Is it Hard to Plant Trees?

It’s not necessarily hard to plant trees, but planting trees do require a certain amount of preparation and time. It also takes a fair share of dedication. In order to plant a tree, one must have a shovel, a tree, some mulch, some fertilizer, stakes if applicable, and gardening gloves, just to make a few things.

What is the Best Time to Plant a Tree?

While it is true that gardeners can plant trees in the spring and summer, according to some experts the best time to plant a tree is in the fall. That is because late August, September, and October are great months for trees to get stabilized. Winter is not a good season to plant trees because if the ground freezes, it can make it difficult if not impossible to dig a hole and for the tree to become stabilized. The health of the tree is paramount during the planting process and it must be upheld because the planting process is hard on the tree.

Is it Better to Plant Trees in Spring or Fall?

As mentioned earlier, fall is a great time to plant a tree because it can put its energy into root growth versus foliage. Both spring and fall are excellent times to plant a tree provided that the circumstances are correct, and the proper tools and materials are used.

How to Plant a Tree from Seed

If you are attempting to plant a tree from seed, you will need to cover the seeds with a fine layer of sand to a depth about the thickness of the seed. After the seeds are planted, they must be gently watered and kept moist, but not wet. Maintaining high moisture and relative humidity is very important for seed germination.

How to Plant a Tree in Clay Soil

Clay soil can be notoriously hard to work with in terms of planting. If you have clay soil and would like some pointers for how to plant a tree, please review the following guidelines.

  • Dig a hole that is twelve inches wider than the container or the root ball. Six inches of space should be left on all sides.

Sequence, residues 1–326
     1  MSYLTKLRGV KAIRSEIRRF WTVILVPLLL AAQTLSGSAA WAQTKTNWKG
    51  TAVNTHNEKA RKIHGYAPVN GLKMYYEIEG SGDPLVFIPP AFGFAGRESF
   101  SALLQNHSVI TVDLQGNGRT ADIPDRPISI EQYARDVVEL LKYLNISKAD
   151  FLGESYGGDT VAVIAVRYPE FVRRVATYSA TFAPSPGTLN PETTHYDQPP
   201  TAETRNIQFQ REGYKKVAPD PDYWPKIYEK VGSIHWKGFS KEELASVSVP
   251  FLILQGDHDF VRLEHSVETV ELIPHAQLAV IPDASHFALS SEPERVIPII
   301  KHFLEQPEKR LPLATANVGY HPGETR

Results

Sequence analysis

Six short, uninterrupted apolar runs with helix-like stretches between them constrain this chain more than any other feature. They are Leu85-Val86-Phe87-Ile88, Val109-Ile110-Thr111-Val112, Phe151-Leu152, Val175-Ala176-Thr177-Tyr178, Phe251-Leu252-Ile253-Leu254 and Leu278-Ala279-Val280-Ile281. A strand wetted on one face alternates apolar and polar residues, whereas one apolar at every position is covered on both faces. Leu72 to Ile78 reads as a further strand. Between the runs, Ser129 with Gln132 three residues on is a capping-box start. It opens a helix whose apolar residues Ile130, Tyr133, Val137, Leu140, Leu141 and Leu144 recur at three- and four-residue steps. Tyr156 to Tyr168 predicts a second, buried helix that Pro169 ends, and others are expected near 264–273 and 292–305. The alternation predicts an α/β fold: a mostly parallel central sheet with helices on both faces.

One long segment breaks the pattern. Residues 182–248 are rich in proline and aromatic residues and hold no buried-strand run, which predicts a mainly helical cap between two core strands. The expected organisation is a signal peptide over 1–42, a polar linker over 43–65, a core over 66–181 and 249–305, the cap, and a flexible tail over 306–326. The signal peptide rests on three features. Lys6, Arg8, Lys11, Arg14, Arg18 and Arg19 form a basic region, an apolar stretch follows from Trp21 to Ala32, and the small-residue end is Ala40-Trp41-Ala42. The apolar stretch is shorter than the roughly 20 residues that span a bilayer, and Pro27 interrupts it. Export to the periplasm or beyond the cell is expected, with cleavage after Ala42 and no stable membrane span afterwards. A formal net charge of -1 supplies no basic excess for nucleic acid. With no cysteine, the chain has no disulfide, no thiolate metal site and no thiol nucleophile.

• For a clay-based or heavy soils, the hole should be shallower than the root ball. This is done so that the root ball will sit around three to six inches above grade.
  • Before the tree or shrub is planted, about three to six inches of soil needs to be at the bottom of the hole.

Who Can Plant a Tree

Tree planting services are extremely beneficial to commercial and residential property owners. But the question remains: who is capable of planting a tree? The most obvious answer is the correct answer: anyone can plant a tree. However, there are nuances in terms of skill level and amount and specificity of tools. Planting trees has a remarkable amount of benefits for the environment. Trees reduce carbon dioxide, which is a greenhouse gas that contributes to climate change. 

how to plant a tree

How to Plant a Tree Fern

If you are looking to plant a tree fern, it will be important to consider the kinds of preparation that is in store. It is important to remember to plant lengths of trunk deep enough to keep the tree stable and upright. Water the tree daily until fronds emerge, but the trees should not be fed until a full year after planting. Offsets can be potted. 

Do you have tree planting on your agenda? Our friendly staff at Butler Tree Health are ready to take your phone call at 817-882-6499. We know how to plant a tree in Fort Worth, TX!